Q:Who requires a Form 1099-NEC? A: If your business paid a contractor more than $600 in a tax year, you‘re required to file Form 1099 NEC. However, if the independent contractor is registered as a C corporation or s corporation, a 1099 NEC will not be required. This information can be found on the contractor‘s Form W–9. Do not file a 1099-NEC for employees. Any employees will need to have a Form W–2 submitted to report wages, tips, and other compensation paid during the tax year.
Q:Who requires a Form 1099-MISC? A: If your business paid an individual or LLC at least $600 during the year in rent paid, legal settlements, or prize or award winnings, you are required to file a 1099-MISC.
Q:Who files Form 1099-NEC? A: If your business hired a contractor and paid them more than $600 in a year, it‘s your responsibility to file a Form 1099–NEC with the IRS and send a copy to the contractor.
Q:How do you determine if a person is an employee or an independent contractor? A: It’s complex, but it is based on whether the person for whom the services are performed has the right to control how the services are performed. It is not based merely on how the person is paid, how often the person is paid or whether the person works full- or part-time. The three basic factors that cover this question are: behavioral control, financial control, and the relationship of the parties.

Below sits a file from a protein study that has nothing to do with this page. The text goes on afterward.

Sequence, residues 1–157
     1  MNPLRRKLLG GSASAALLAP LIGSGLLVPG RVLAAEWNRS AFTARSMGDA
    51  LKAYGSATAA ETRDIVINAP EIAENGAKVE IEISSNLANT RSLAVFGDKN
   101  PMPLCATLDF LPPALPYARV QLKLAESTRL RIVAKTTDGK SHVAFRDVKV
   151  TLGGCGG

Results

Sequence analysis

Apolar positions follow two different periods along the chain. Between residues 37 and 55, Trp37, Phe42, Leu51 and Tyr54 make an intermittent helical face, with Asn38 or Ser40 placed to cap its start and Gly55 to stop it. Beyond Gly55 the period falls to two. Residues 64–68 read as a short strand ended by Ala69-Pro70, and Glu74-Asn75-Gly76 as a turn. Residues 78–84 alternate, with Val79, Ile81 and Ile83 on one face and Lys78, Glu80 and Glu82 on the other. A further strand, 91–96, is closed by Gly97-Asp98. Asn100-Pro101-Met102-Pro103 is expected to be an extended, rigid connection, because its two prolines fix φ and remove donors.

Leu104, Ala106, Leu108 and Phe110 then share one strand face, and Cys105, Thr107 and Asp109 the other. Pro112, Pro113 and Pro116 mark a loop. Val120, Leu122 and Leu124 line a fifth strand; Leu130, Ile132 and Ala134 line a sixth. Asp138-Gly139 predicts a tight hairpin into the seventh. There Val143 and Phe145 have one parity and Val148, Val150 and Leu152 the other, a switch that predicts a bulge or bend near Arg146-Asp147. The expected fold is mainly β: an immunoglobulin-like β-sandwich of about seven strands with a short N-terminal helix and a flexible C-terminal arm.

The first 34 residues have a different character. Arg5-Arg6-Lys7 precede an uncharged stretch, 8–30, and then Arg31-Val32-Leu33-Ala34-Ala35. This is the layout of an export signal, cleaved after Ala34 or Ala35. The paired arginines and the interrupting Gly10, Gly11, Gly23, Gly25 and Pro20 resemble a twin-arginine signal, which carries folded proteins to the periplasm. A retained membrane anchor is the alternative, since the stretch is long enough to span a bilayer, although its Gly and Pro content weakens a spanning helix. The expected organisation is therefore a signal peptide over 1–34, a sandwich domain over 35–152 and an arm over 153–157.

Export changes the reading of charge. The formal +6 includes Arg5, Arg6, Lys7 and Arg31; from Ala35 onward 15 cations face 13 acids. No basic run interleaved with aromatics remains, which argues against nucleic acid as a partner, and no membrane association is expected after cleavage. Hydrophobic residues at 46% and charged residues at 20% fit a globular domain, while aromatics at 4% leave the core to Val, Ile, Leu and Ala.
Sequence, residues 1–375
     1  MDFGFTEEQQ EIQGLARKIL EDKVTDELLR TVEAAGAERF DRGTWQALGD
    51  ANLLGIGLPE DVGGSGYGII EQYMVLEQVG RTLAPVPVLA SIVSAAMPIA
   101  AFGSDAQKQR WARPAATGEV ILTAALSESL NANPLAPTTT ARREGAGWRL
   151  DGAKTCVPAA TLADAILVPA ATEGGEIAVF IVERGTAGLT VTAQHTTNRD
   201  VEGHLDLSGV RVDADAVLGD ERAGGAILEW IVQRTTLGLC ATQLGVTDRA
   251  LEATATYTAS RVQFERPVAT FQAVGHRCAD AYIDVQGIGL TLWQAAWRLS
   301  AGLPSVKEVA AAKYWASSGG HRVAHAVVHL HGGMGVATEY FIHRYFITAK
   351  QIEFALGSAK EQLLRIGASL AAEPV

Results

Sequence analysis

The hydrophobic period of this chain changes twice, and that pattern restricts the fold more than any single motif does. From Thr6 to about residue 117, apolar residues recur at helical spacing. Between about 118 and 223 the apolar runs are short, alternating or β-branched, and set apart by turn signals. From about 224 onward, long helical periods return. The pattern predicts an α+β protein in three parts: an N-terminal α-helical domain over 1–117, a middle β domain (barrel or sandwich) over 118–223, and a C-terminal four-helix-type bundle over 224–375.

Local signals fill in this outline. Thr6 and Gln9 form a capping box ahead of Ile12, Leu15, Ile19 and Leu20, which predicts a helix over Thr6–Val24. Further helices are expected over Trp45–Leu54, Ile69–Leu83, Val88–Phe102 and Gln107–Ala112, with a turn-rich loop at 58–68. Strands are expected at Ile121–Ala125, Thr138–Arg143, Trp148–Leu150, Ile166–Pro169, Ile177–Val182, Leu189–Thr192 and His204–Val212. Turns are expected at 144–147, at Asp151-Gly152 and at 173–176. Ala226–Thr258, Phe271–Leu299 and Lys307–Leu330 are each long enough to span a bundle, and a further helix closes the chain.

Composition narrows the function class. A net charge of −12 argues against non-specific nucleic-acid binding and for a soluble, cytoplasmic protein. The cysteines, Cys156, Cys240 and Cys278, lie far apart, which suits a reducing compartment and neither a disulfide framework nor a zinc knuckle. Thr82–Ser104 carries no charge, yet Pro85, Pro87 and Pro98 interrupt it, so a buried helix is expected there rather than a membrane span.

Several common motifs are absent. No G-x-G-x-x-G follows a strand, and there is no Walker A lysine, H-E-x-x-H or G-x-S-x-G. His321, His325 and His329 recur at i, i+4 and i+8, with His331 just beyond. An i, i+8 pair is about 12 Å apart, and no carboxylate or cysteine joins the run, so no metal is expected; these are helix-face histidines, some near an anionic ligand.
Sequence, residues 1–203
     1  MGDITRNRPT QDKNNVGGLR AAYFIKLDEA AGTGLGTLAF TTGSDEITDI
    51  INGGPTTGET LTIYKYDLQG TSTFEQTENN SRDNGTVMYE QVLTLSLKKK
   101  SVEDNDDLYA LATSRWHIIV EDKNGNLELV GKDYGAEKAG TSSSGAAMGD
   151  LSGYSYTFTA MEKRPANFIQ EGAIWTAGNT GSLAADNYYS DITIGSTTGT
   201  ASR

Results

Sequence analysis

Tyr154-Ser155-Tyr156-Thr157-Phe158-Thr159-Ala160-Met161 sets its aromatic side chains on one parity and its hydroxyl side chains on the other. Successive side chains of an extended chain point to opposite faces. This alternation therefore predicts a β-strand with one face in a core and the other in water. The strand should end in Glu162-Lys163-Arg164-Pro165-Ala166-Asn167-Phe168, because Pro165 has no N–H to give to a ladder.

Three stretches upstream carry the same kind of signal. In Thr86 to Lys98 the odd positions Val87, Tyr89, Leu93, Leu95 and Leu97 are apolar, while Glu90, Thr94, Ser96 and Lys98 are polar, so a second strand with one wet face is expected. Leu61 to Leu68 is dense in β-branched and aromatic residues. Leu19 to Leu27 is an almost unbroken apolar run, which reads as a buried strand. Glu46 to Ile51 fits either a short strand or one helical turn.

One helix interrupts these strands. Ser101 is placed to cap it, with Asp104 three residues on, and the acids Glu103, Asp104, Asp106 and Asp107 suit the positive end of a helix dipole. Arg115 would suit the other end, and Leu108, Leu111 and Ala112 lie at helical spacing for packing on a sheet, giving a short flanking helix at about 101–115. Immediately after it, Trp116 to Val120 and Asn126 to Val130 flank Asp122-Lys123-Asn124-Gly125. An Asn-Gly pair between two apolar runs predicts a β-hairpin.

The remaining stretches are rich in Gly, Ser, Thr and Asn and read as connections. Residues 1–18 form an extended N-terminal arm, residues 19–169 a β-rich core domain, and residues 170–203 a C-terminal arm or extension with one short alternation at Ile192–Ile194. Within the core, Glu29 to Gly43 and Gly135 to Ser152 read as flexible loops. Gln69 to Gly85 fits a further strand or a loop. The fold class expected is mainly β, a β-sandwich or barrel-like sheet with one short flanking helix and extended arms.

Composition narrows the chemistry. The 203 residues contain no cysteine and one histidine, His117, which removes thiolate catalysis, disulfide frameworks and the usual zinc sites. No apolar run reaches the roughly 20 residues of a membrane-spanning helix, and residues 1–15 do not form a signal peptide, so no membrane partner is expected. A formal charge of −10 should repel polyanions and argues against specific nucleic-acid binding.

Q:As an employer, do I have any liability for my employees receive tips but don’t report them to me? A:Yes. You have a liability to withhold and pay Social Security and Medicare tax on your employees’ tips. Employees must report tips to you if they exceed $20 a month. If the employee does not report tips to you, you may be at risk of possible assessment of the employer’s share of the Social Security and Medicare taxes on the unreported tips.
Q:Does a small company need a tax ID number? A:A sole proprietor who does not have any employees, and who does not file any excise or pension plan tax returns, does not need an employer identification number. The sole proprietor uses his Social Security number. If you are the sole owner of an unincorporated LLC that has employees, you need an EIN to file employment taxes starting on or after Jan. 1, 2009.
Q:If I pay personal expenses out of my business bank account, should I count the money as part of my income, or can I write off the expenses? A:It is recommended that you never mix business and personal accounts. But if you do, the personal expenses paid from the business account must be declared as business income. Personal, living or family expenses not specifically provided by law are not deductible.
Q:Are there limits on allowable meal deductions during business travel? A:Meal expenses are deductible only if travel requires that you be away from home overnight or if the meal is business related. If you want to deduct actual cost, you must have records of all meals. There is a standard meal allowance, as well, which your CPA can get for you.